Put this together with the statement yesterday by Devin Nunes and Adam Schiff, the ranking members of the House Intelligence Committee, and we seem to have a definitive verdict from those in the know. No wiretapping at Trump HQ, either before or after the election.
Actually, let me rephrase. Per Burr and Warner, there’s no evidence of any “surveillance” at Trump Tower.
“Based on the information available to us, we see no indications that Trump Tower was the subject of surveillance by any element of the United States government either before or after Election Day 2016,” Sens. Richard Burr (R-N.C.) and Mark Warner (D-Va.) said…
FBI Director James Comey is expected to be asked to clear up the issue when he appears Monday for a public hearing before the House panel.
If you’ve been following the Republican spin lately, you should have known this is how it would turn out. Three days ago, Sean Spicer (who put out a statement on the day of Trump’s “wiretapping” tweets insisting the White House would have no further comment) warned the media that when Trump said “wiretapping” he didn’t literally mean wiretapping. He meant surveillance of any kind, which jibed with stories in the media of U.S. intelligence picking up conversations between Trump aides and Russian officials. Nunes doubled down on that point yesterday: No, he said, there were no wiretaps at the Tower, but he hinted that it may be that Trump staffers were caught on wiretaps of foreign agents and that the feds didn’t do what they were supposed to in order to “minimize” the exposure of their identities. Then Trump himself told Tucker Carlson last night that he put “wiretap” in quotes in his tweets for a reason — just like Spicer said, he was supposedly using the term to describe any form of surveillance, not just literal wiretaps. The goalposts have clearly moved here.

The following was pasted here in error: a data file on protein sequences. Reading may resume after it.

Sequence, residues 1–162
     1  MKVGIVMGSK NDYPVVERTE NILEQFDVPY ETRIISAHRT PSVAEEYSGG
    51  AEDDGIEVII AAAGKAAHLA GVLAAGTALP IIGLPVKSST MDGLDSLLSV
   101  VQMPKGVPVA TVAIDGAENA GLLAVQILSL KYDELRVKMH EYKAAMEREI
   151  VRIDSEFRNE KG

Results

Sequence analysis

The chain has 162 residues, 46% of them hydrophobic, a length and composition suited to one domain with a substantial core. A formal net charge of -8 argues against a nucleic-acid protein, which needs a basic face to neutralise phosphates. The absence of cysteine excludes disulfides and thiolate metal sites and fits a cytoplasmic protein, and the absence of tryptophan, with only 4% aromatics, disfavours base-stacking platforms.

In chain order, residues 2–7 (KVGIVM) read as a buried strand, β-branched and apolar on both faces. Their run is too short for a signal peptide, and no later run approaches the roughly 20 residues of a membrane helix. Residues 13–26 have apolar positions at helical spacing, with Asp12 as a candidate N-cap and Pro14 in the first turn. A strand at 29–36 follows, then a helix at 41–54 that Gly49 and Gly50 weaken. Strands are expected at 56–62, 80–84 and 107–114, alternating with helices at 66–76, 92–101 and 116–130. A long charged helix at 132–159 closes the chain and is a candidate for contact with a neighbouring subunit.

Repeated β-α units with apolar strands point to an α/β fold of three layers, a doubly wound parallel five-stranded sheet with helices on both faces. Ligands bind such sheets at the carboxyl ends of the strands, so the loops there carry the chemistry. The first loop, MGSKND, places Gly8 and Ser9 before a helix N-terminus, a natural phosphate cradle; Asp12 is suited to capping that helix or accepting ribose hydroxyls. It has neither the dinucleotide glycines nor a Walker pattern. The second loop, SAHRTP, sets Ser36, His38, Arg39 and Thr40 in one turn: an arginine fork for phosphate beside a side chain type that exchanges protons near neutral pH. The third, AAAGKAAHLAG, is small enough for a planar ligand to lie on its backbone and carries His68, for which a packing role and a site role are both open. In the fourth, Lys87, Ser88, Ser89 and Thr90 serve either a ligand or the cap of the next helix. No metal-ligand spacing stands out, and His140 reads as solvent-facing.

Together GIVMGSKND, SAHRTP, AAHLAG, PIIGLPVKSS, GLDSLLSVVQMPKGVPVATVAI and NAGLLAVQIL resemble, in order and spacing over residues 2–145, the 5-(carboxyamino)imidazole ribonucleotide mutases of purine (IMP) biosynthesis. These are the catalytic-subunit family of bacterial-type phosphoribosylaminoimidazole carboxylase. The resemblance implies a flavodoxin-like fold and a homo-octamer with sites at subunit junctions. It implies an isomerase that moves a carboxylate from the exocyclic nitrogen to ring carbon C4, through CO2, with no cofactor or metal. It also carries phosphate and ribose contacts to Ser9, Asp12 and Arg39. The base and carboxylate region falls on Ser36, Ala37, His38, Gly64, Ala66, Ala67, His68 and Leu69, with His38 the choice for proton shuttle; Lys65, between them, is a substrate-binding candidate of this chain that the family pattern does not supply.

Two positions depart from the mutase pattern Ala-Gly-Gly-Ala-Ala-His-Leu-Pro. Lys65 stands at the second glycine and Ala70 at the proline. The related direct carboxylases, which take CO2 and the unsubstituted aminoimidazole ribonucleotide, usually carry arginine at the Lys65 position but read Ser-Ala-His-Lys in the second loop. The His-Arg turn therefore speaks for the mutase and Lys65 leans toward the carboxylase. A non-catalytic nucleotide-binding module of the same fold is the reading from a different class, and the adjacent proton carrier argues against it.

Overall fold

If it turns out that, say, the FBI targeted certain Russians for wiretapping only because they knew those Russians were talking to Trump staffers and thought that’d be an easy way to monitor the staffers, that in itself would be a major scandal. The feds aren’t supposed to abuse their power to monitor foreigners by using it as a backdoor way to monitor American citizens. Only if the communications involving Americans are truly “incidental” to monitoring the foreigners is that okay. And even then, as Nunes said yesterday, the feds are supposed to conceal the Americans’ identities in preparing transcripts unless disclosing them is absolutely necessary to understanding the intelligence value. If you’re wondering how this story might blow up even with Trump’s claim on wiretapping having fizzled, that’s how. And that’s why he, Nunes, and Spicer are rhetorically pointing in that direction. But that’s what makes the phrasing in the excerpt above potentially significant: Burr and Warner aren’t merely denying wiretapping, they’re denying any form of surveillance at Trump’s home base. It could be that Trump staffers were surveilled elsewhere — we’ll hear from Comey on Monday — but they seem to be saying that even if you read Trump’s “wiretapping” tweets loosely, he’s still wrong on the facts. No surveillance at the Tower, period.
Here’s Paul Ryan this morning being asked about wiretapping and noting what Burr and Warner later confirmed, namely, that based on everything that’s been told to the Intelligence Committees, it’s just not true.